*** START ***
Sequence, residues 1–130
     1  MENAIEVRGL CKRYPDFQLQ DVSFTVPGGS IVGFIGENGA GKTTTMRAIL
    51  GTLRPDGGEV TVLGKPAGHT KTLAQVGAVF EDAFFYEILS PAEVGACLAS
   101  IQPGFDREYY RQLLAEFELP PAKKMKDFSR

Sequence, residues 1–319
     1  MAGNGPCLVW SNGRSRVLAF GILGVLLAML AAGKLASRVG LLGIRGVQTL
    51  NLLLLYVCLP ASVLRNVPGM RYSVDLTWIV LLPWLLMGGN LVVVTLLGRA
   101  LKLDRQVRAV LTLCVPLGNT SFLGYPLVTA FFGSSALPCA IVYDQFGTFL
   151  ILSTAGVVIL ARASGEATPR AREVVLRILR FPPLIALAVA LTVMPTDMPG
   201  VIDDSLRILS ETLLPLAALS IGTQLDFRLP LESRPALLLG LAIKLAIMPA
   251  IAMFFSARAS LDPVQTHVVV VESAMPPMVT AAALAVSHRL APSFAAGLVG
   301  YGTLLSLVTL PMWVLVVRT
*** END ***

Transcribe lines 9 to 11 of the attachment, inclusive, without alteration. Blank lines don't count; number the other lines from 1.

   151  ILSTAGVVIL ARASGEATPR AREVVLRILR FPPLIALAVA LTVMPTDMPG
   201  VIDDSLRILS ETLLPLAALS IGTQLDFRLP LESRPALLLG LAIKLAIMPA
   251  IAMFFSARAS LDPVQTHVVV VESAMPPMVT AAALAVSHRL APSFAAGLVG